Tag Archives: cockney dialect

Is McGonagall Filch’s Mother?

I’ve noticed several people asking this question online.

The answer is: NO.  There isn’t even a hint of confusion to anyone who has read the books, (who would know that Professor Minerva McGonagall never married and* has no children,  and that Filch’s full name is Argus Filch so they don’t have the same last name anyway, and also his magical family is ashamed of his being a squib and I don’t think McGonagall would ever be ashamed of her own child if she had one).  But for people whose knowledge of the Harry Potter universe is informed only by the film adaptations, I think I can pinpoint the moment of misunderstanding.

images from purepotter.tumblr.com

About forty minutes into Harry Potter and the Deathly Hallows part 2, after Harry has returned to Hogwarts and Professor McGonagall has dueled Snape right out the window, and Voldemort projects his voice and says they should hand over Potter, and Pansy Parkinson yells “someone grab him!”, then Filch comes running into the Great Hall where everyone else is assembled shouting about the students being “out of bed!”  An exasperated McGonagall says, “They are supposed to be out of bed, you blithering idiot!”  An abashed Filch responds, “Oh…sorry Ma’am.” Next McGonagall intones, “As it happens, Filch, your arrival is most opportune.  If you would I would like you please to lead Miss Parkinson and the rest of Slytherin House from the hall,” and Filch asks, “Exactly where is it I’ll be leading them to, Ma’am?”  (To which McGonagall zings “The dungeons would do,” an exchange I have outlined non-linguistic criticisms for elsewhere.)

The confusion for audience members who have only watched the movies lies in Filch’s dialect; although “ma’am” rhymes with “ham” in Standard American English, in some dialects of British English is rhymes with “farm.”  Furthermore in some dialects of British English “r”s are deleted, so that pronouncing “ma’am” to sound like “farm” but dropping the “r” ends up sounding like the Standard American English pronunciation for “mom.”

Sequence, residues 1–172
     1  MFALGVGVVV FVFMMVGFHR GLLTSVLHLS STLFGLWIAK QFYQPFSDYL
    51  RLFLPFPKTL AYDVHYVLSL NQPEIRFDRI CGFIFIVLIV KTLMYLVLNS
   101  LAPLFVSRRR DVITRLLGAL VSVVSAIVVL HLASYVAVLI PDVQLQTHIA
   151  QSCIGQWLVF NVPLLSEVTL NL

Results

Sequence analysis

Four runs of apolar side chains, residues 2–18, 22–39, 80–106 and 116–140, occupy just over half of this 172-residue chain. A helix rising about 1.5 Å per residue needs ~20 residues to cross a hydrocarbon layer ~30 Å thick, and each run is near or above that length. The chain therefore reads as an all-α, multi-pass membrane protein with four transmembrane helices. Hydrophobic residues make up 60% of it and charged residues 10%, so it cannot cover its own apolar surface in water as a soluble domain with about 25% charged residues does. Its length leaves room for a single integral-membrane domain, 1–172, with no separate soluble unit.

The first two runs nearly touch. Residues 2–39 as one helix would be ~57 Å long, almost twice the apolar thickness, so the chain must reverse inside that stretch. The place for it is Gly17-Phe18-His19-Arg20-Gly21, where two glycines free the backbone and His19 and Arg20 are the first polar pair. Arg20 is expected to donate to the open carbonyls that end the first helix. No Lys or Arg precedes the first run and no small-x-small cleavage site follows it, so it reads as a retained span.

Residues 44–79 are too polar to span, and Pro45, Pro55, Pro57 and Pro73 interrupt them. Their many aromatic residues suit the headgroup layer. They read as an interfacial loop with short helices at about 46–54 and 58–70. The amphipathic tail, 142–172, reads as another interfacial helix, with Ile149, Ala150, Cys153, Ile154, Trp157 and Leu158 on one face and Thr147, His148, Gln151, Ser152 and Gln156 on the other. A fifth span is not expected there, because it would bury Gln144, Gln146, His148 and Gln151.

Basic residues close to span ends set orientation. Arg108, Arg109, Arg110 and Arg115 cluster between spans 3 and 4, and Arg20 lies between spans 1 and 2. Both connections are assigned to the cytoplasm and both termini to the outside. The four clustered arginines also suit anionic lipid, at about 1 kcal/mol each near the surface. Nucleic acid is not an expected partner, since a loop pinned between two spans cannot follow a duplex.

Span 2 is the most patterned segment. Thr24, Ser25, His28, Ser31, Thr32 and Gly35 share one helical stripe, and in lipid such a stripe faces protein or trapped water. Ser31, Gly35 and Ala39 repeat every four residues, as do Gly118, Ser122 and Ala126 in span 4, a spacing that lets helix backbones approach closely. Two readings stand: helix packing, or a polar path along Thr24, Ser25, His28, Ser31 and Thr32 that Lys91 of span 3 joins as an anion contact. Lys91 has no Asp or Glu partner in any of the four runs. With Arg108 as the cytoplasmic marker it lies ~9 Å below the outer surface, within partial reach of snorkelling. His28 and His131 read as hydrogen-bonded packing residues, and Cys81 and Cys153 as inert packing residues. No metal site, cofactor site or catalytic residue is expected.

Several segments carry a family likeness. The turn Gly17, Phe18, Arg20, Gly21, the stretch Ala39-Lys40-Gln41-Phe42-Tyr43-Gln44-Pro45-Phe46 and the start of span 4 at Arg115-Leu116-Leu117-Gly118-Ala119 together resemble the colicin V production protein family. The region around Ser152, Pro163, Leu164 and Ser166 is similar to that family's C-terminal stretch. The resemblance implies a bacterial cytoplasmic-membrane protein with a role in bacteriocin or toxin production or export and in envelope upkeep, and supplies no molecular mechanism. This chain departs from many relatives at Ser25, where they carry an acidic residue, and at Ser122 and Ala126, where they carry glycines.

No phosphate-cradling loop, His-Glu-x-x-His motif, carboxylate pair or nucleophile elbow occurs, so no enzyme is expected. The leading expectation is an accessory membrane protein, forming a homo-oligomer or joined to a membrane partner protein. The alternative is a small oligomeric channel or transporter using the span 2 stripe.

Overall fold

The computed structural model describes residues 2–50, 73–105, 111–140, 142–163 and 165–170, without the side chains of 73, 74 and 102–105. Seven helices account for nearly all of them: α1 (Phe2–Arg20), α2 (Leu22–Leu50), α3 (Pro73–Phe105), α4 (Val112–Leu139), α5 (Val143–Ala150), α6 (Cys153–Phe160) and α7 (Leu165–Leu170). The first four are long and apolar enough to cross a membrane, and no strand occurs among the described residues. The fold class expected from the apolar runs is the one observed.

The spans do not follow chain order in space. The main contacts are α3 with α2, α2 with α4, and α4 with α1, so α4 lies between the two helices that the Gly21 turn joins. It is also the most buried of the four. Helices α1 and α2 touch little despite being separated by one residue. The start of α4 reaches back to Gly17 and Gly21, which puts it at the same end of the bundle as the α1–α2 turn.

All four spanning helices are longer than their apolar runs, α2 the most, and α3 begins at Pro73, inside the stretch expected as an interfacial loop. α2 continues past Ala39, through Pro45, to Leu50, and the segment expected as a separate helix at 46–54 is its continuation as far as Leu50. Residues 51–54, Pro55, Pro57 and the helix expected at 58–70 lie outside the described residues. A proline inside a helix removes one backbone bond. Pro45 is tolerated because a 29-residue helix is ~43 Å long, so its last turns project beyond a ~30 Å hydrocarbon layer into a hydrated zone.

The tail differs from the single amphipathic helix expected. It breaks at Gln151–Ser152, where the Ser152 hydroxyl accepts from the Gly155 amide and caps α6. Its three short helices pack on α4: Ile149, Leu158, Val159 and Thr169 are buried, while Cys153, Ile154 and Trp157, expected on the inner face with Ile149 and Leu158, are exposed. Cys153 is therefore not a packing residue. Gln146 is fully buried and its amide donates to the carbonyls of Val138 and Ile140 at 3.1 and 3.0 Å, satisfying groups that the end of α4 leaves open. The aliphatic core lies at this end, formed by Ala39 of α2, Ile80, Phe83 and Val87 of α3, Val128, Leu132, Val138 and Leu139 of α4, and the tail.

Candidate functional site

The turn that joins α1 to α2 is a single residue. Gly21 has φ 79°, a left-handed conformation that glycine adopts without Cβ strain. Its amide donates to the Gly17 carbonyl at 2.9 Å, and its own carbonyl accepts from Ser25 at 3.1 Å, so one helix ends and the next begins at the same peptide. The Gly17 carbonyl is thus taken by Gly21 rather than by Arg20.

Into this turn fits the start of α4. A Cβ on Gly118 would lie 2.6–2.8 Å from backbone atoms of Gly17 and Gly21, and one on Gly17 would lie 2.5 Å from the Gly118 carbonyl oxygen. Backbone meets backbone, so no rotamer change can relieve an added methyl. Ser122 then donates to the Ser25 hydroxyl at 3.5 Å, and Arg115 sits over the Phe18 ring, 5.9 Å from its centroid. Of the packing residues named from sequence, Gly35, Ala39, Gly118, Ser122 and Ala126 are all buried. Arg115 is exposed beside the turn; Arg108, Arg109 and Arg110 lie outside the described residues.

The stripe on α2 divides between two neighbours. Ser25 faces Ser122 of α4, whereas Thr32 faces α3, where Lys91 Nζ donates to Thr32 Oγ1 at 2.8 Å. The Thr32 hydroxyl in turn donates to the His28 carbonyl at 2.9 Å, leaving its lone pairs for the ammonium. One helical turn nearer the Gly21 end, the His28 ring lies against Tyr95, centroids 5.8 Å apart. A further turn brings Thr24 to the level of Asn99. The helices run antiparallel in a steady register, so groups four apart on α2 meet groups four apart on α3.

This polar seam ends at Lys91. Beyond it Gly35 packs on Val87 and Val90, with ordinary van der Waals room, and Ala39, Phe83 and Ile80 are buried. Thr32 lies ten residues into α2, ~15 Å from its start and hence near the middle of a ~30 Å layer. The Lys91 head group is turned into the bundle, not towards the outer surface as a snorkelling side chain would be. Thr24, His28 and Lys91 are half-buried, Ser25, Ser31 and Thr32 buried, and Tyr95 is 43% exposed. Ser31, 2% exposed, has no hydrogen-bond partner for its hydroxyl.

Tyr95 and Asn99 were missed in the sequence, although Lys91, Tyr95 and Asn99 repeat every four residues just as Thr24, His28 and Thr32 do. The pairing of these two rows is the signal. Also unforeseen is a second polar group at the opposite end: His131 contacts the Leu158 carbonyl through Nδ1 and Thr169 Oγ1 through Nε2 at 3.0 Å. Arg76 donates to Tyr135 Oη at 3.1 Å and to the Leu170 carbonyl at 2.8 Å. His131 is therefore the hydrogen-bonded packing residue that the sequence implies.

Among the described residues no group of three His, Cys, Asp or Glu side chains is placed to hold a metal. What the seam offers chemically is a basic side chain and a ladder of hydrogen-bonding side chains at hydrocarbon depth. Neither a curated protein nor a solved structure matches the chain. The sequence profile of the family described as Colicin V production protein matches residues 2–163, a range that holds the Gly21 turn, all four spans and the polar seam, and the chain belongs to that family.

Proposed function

Okay?  Got it, confused googler?  Now why don’t you start actually reading the Harry Potter books instead of googling silly questions like this one?  They are great reads and I promise there are a plethora of rich and interesting character relationships and dynamics, even if Filch being McGonagall’s son isn’t one of them.

*information released on Pottermore.com has now informed us that McGonagall was in fact married.

18 Comments

Filed under Books, movies

Helping Americans understand “Attack the Block”

I recently saw the film Attack the Block, (and I absolutely loved it, by the way), which features a gang of teen-aged boys in their south London neighborhood struggling for territorial dominance against the police, a drug dealer…and recently arriving aliens.  Oh, it’s a great movie!

Moses, Ninja!

But some Americans may have a little trouble understanding the dialogue.  For the most part it’s in a dialect probably best described as cockney, and there’s a bit of unfamiliar slang as well.  For me it was very enjoyable and fun, and I think the main motivations and actions are clear even if you can’t catch or decipher every word, but I thought I’d post a few helpful hints.

First of all, interdentals [th-sounds, a voiceless θ as in “thin, thigh” or a voiced ð as in “then, thy”] are often pronounced as labio-velar fricatives, [so θ might become f, ð might become v].  That means “brother” comes out sounding like “bruvah”, (the r-deletion being a common feature among most modern British dialects).  And “thing” is pronounced “fing”, although not every single th-sound is converted to an f or a v.  Sometimes it is a d or a t instead, even for the same speaker.  It depends on the word, where the th-sound appears (and by what other sounds), and also probably just the mood or speed of the speaker.  Throughout most of the film, Moses says “fings” instead of “things,” but in one pivotal scene he says:

Yo, check it.  More.  (More what?)  Dem tings.